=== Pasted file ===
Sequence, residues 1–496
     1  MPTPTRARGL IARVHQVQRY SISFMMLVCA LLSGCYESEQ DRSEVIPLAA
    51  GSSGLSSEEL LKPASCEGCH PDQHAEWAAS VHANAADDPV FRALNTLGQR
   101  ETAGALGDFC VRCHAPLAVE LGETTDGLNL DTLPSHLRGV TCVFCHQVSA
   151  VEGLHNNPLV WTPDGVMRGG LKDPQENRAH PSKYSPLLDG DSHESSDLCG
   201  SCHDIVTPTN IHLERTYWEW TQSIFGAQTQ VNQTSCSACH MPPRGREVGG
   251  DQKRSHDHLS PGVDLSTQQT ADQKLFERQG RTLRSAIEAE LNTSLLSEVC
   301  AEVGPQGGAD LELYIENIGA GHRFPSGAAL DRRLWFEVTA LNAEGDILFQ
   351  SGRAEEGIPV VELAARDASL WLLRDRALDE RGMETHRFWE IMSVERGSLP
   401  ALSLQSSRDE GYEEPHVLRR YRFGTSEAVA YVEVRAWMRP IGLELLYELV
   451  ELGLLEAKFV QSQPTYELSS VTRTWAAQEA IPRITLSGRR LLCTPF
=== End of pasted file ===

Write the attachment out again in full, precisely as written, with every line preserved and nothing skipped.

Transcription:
Sequence, residues 1–496
     1  MPTPTRARGL IARVHQVQRY SISFMMLVCA LLSGCYESEQ DRSEVIPLAA
    51  GSSGLSSEEL LKPASCEGCH PDQHAEWAAS VHANAADDPV FRALNTLGQR
   101  ETAGALGDFC VRCHAPLAVE LGETTDGLNL DTLPSHLRGV TCVFCHQVSA
   151  VEGLHNNPLV WTPDGVMRGG LKDPQENRAH PSKYSPLLDG DSHESSDLCG
   201  SCHDIVTPTN IHLERTYWEW TQSIFGAQTQ VNQTSCSACH MPPRGREVGG
   251  DQKRSHDHLS PGVDLSTQQT ADQKLFERQG RTLRSAIEAE LNTSLLSEVC
   301  AEVGPQGGAD LELYIENIGA GHRFPSGAAL DRRLWFEVTA LNAEGDILFQ
   351  SGRAEEGIPV VELAARDASL WLLRDRALDE RGMETHRFWE IMSVERGSLP
   401  ALSLQSSRDE GYEEPHVLRR YRFGTSEAVA YVEVRAWMRP IGLELLYELV
   451  ELGLLEAKFV QSQPTYELSS VTRTWAAQEA IPRITLSGRR LLCTPF